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Lead Image by Andrew Brumagen

The pandemic may have dominated life on Earth for much of 2020, but even a highly contagious virus couldn't stop what turned out to be a breakthrough year for space exploration.

Here are five awesome space news stories you may have missed while sewing face masks and stocking up on toilet paper this year.

Starship Hopped, Then Flew

SpaceX started developing its reusable rocket system called Starship in 2012 with the goal of one day using it to ferry people to Mars. This year, that mission took a major leap forward — after first taking a small hop.

During a September test flight, a prototype of the stainless steel rocket lifted off for the first time, reaching an altitude of about 500 feet before landing a minute after launch.

In December, another SpaceX Starship prototype lifted off, this time flying eight miles into the air. The craft didn't exactly nail the landing, coming in hot and exploding upon impact, but CEO Elon Musk was still thrilled.

"(W)e got all the data we needed!" he tweeted, later adding, "Mars, here we come!!"

Perseverance Set a Course for Mars

SpaceX wasn't the only group with its eyes on the Red Planet this year — in July, NASA kicked off its 2020 Mars rover mission with the launch of Perseverance.

The agency has already sent four rovers to Mars, but Perseverance is designed to be more autonomous than its predecessors, which should allow it to cover ground more quickly.

The rover is expected to reach its destination in February 2021. Once it lands, part of Perseverance's mission will be to hunt for signs of ancient extraterrestrial life — something no other rover has attempted.

As if that space exploration objective isn't cool enough, Perseverance is also bringing a solar-powered space helicopter along for the ride to Mars — and that craft is going to attempt the first controlled flight on another planet.

Crew Dragon Earned Its Name

This was a big year for SpaceX. In addition to its Starship advancements, the company began ferrying astronauts to the International Space Station (ISS).

In May, SpaceX's Crew Dragon spacecraft lifted off from Cape Canaveral, Florida, with two NASA astronauts on board. Less than a day later, it docked with the ISS, and in August, the craft safely brought the astronauts back to Earth.

Not only was this the first time since 2011 that NASA astronauts had launched from U.S. soil (the agency had been relying on Russia for rides to the ISS), but it was also the first time ever that a private company had transported astronauts into space.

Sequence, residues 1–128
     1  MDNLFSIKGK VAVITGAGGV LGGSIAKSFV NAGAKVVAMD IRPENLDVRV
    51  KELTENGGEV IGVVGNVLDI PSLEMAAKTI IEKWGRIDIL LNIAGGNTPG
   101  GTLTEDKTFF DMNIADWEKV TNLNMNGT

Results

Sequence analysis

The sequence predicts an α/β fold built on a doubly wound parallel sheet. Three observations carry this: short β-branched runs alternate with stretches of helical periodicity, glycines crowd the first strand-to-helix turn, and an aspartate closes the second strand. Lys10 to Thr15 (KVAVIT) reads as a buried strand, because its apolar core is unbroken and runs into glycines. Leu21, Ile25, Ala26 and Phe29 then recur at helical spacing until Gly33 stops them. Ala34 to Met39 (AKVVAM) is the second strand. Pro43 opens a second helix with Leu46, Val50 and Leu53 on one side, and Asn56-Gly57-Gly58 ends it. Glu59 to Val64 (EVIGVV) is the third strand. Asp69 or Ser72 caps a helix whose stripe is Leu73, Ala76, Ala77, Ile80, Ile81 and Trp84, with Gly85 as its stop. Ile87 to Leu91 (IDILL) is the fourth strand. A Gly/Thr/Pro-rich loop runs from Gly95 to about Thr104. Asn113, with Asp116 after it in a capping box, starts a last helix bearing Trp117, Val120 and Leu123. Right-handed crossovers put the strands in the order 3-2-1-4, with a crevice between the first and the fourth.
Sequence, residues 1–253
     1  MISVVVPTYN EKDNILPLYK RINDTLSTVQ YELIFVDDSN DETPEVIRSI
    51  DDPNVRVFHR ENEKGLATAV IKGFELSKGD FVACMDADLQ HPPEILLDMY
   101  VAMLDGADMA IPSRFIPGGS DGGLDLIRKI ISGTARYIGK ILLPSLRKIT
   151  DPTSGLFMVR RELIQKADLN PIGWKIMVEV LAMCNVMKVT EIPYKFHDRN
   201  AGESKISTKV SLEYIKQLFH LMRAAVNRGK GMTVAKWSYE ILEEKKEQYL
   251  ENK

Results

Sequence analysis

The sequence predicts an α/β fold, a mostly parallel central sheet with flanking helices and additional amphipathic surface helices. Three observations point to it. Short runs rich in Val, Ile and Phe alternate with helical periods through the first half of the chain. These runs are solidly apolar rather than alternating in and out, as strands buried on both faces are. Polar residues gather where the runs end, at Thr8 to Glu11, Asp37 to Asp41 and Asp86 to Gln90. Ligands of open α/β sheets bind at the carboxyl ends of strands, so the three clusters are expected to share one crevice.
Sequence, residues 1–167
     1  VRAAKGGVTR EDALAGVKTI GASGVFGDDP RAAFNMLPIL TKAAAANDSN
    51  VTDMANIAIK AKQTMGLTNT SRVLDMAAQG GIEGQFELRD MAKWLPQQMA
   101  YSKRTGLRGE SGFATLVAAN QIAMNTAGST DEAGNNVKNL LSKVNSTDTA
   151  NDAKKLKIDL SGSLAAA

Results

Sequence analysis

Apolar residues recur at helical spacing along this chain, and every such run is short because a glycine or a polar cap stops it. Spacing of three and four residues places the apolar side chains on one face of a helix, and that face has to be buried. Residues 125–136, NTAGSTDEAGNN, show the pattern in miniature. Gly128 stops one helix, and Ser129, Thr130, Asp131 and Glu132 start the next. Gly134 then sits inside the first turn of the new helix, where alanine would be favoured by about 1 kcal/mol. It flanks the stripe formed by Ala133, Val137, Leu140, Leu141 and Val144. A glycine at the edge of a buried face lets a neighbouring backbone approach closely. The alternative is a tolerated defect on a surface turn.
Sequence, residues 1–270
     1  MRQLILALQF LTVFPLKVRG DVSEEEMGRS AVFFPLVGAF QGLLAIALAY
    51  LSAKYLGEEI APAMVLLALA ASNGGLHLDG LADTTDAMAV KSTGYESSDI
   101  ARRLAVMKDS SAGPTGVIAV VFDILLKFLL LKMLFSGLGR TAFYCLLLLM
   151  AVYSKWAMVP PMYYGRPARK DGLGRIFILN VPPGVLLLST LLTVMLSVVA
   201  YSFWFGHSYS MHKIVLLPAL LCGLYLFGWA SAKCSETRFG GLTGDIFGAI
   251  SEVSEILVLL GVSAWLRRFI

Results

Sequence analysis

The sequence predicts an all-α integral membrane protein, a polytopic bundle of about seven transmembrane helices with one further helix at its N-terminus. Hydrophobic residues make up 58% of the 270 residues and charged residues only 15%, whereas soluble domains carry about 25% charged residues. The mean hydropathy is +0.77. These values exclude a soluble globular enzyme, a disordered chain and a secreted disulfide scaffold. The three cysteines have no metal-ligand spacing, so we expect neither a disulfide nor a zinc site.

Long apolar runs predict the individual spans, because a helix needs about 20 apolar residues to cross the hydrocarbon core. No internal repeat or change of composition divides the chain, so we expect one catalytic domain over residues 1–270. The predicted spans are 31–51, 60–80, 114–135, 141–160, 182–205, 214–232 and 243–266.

Since then, four more astronauts have hitched a ride to the ISS aboard a Crew Dragon, and in the future, private companies are likely to play an even larger role in space exploration missions — helping us reach Mars and beyond.

Special Deliveries from Space

SpaceX wasn't the only group to achieve a first in space exploration this year. Japan's aerospace agency, JAXA, broke new ground, too — literally.

In 2019, JAXA's Hayabusa2 probe blasted a tiny crater in Ryugu, an asteroid 190 million miles away from Earth. It then grabbed some of the displaced dust, marking the first-ever collection of underground samples from an asteroid.

This year, China's Chang'e 5 probe scooped up dirt and rocks from the moon — something that hadn't been done since the 1970s.

Both Japan and China returned their samples to Earth in December, and researchers will now study them for materials linked to the existence of life. Plus, more asteroid samples are on the way: NASA’s Osiris-Rex spacecraft collected rocks from the asteroid Bennu in October and they are expected to make their way to Earth in 2023.

All of these clues could improve our understanding of how the solar system formed — and maybe even explain how life originated on Earth.

Gaia Dumped Data

Wondering what achievement in space exploration could be awesome enough to follow-up a space helicopter and moon rocks? How about the public release of a whole lot of data?

Hear us out.

In December, the European Space Agency released 1.3 terabytes of data collected by Gaia, a space observatory currently tracking more than a billion stars. This marked just the third "data dump" since the craft's 2013 launch.

Using previously released Gaia data, scientists created the world's most detailed map of the Milky Way and discovered more than 100 new exoplanets, a new galaxy, and even some lost asteroids.

"Gaia data is like a tsunami rolling through astrophysics," Gaia researcher Martin Barstow said — and we expect this third data dump to leave a slew of new discoveries in its wake.

We'd love to hear from you! If you have a comment about this article or if you have a tip for a future Freethink story, please email us at [email protected].

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